- Probiotics and Antibiotics: The helpful bacteria that are present in the intestinal tracts are called probiotics. Some recent research has revealed that any change in the composition of the bacteria can result in IBS. Also, the doctor might suggest some antibiotics that can get rid of any unwanted bacteria that is affecting bowel functioning.
- Alternative forms of treatment: Yoga and meditation are tools that are directly linked to physical and mental health. Along with that acupuncture or acupressure are alternative forms of treatment which are considered good for IBS. According to a study done by 10 researchers in Boston in 2010, acupuncture brought 37% improvement in people with IBS compared to 4% improvement in people who were part of a control group.
The basics of a low- FODMAP diet
FODMAP diet or low- FODMAP diet is the latest and popular answer to IBS. Three researchers, out of which two are associated with Monash University in Australia, restudied the effects of the low-FODMAP diet in 2017. According to the study, 50%-86% of the people benefitted out of the study that can be clinically proven. International Foundation for Gastrointestinal Disorder, which is an NGO in the US, also promotes FODMAP diets as a solution to IBS symptoms.
What is FODMAP?
It’s an acronym for different kinds of insoluble carbohydrates (short-chain carbohydrates) that if controlled in our diet can help reduce the discomfort and pain experienced due to IBS. FODMAP stands for Fermentable Oligosaccharides Disaccharides Monosaccharides And Polyols. Different kinds of short-chain carbs that are present in the food we eat are
- Lactose: Lactose though considered as simple sugar has two units of sugar. It needs lactase, an enzyme to break it down to a monosaccharide (one unit of sugar). Genetically a lot of people have a lack of lactase in their body (a majority of Asians and Native Americans) in which case lactose is not absorbed in the small intestine making it a FODMAP.
- Oligosaccharides: These are complex sugar polymers which can’t be broken down and are insoluble in the human body because we do not have the required enzymes. They remain intact creating problems for individuals with sensitive bowels.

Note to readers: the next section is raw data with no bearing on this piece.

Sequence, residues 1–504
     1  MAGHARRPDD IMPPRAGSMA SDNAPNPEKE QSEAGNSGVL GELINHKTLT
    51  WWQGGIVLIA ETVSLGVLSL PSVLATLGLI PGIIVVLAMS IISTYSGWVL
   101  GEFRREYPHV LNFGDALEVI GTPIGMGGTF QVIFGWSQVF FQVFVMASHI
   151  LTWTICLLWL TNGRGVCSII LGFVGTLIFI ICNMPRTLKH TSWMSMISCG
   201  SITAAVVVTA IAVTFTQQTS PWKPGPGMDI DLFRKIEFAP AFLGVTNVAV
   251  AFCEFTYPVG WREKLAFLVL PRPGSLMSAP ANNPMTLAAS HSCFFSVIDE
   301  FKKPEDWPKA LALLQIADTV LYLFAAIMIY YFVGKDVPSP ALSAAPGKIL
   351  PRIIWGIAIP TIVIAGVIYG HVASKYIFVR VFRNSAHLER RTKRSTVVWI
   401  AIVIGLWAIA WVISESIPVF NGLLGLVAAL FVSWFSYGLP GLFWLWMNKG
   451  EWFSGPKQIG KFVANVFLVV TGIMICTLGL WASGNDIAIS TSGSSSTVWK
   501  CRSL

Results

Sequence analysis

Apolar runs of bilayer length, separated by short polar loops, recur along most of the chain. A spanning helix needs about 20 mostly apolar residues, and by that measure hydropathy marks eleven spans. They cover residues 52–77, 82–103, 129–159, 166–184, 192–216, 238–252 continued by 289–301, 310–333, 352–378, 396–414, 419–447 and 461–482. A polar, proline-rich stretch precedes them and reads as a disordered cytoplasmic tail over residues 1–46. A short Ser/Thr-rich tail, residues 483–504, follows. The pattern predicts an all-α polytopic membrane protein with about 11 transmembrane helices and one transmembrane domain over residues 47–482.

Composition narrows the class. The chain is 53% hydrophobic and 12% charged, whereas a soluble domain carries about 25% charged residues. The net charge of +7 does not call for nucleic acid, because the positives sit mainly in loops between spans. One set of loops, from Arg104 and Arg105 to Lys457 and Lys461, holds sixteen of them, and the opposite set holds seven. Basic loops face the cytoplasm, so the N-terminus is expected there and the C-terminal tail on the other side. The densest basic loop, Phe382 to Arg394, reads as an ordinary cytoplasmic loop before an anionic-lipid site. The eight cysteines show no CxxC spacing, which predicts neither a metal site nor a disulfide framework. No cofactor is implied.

- Polyols: Sorbitol and mannitol are the two most common polyols in our diet. These are sugar alcohols which get absorbed in across the intestinal barrier but this process is a slow drawn one. Sorbitol is often used in “sugar-free” products because it burns slowly releasing fewer calories.
Effects of FODMAP on IBS
One thing is common between people who have IBS and people who don’t. We all have almost equal amounts of FODMAP in our system. It only affects people with IBS more. FODMAP creates an osmosis effect in our small and large intestine secreting a lot of fluids. The microbes near the colon try to break the fermented carbohydrates generating a lot of gas. The extra fluid and the gas create tremendous pressure from the inside causing abdominal pain and discomfort. This can induce a forward movement in the bowel leading to diarrhea but it could have a completely opposite effect causing constipation as well.
How to follow the low-FODMAP diet
This diet has two phases. Basically, the logic behind this is to eliminate the FODMAP or low-absorbent carbohydrates that affect the person’s digestive system the most.
Phase 1: During phase 1, all foods which are high on FODMAP are eliminated from the diet. This phase lasts for 3-8 weeks only because FODMAPs are beneficial for gut health.
This is not like food allergies that FODMAPs need to be completely removed from the diet. It needs to be restricted from the diet for a limited period of time so that the system can stabilize. A lot of people get results in the first few weeks, however, some people need to complete all 8 weeks to see any substantial result.
Phase 2: After the 8 weeks of restriction, FODMAPs are slowly added back to the diet to determine something called a Threshold Level.
The slow introduction of FODMAP carbohydrates can help us in determining how much FODMAP one patient can tolerate and which food items are aggravating the symptoms more than others.
This helps in determining the threshold level for the patient which helps in shaping the diet that the person needs to follow.
What should be eliminated?
Food items high on FODMAPs are:
Wheat, onion, and garlic